Her arrival will be followed by P&O Cruises latest addition Adonia on Saturday. With 710 berths the 30,000 tonnes vessel is the smallest of the seven-strong fleet which can accommodate between 1,800 and up to 3,100 passengers as in the case of the Azura. The 115,000 tonnes vessel departed Dublin Port this evening. Her first call to the port was last year (click HERE) and she is the largest cruise ship to call to the capital.

On Tuesday of next week the 9,000 tonnes Spirit of Adventure (cruises) marks the third cruise caller to Foynes. The port is along with five other terminals located throughout the country's largest estuary are operated by the Shannon Foynes Port Company (SFPC).

Incidentally Spirit of Adventure and Azura where two of another trio of cruise ships that visited the Port of Cork on Monday, with Holland America Line's 59,000 tonnes Rotterdam forming the third vessel. This was the first occasion that Cork has handled this number of cruise ships on a single day, bringing 7,000 passengers which set a new record for the port.

Published in Cruise Liners

The Rolex Fastnet Race - This biennial offshore pilgrimage attracts crews from all walks of life:- from aspiring sailors to professional crews; all ages and all professions. Some are racing for charity, others for a personal challenge. For the world's top professional sailors, it is a 'must-do' race. For some, it will be their first-ever race, and for others, something they have competed in for over 50 years! The race attracts the most diverse fleet of yachts, from beautiful classic yachts to some of the fastest racing machines on the planet – and everything in between.  The testing course passes eight famous landmarks along the route: The Needles, Portland Bill, Start Point, the Lizard, Land’s End, the Fastnet Rock, Bishop’s Rock off the Scillies and Plymouth breakwater (now Cherbourg for 2021 and 2023). After the start in Cowes, the fleet heads westward down The Solent, before exiting into the English Channel at Hurst Castle. The finish is in Plymouth, Devon via the Fastnet Rock, off the southern tip of Ireland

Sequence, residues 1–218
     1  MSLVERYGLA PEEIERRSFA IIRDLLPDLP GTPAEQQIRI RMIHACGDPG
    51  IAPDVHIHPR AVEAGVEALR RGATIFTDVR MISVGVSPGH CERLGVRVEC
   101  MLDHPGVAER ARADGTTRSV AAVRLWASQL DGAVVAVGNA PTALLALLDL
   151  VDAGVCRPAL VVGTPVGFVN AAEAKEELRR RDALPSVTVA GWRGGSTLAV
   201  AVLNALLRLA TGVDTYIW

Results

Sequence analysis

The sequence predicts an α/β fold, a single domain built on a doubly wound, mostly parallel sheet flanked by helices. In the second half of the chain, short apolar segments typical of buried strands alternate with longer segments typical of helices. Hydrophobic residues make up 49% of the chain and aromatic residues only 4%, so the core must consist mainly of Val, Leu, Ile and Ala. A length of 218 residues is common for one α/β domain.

• The leg across the Celtic Sea to (and from) the Fastnet Rock is known to be unpredictable and challenging. The competitors are exposed to fast-moving Atlantic weather systems and the fleet often encounter tough conditions
  • Flawless decision-making, determination and total commitment are the essential requirements. Crews have to manage and anticipate the changing tidal and meteorological conditions imposed by the complex course
  • The symbol of the race is the Fastnet Rock, located off the southern coast of Ireland. Also known as the Teardrop of Ireland, the Rock marks an evocative turning point in the challenging race
  • Once sailors reach the Fastnet Rock, they are well over halfway to the finish in Plymouth. The lighthouse first shone its light on New Year’s Day in 1854
  • Fastnet Rock originally had six keepers (now unmanned), with four on the rock at a time with the other two on leave. Each man did four weeks on, two weeks off

At A Glance – Fastnet Race

  • The world's largest offshore yacht race
  • The biennial race is 605 nautical miles - Cowes, Fastnet Rock, Plymouth
  • A fleet of over 400 yachts regularly will take part
  • The international fleet is made up of over 26 countries
  • Multihull course record: 1 day, 8 hours, 48 minutes (2011, Banque Populaire V)
  • Monohull course record: 1 day, 18 hours, 39 minutes (2011, Volvo 70, Abu Dhabi)
  • Largest IRC Rated boat is the 100ft (30.48m) Scallywag 100 (HKG)
  • Some of the Smallest boats in the fleet are 30 footers
  • Rolex SA has been a longstanding sponsor of the race since 2001
  • The first race was in 1925 with 7 boats. The Royal Ocean Racing Club was set up as a result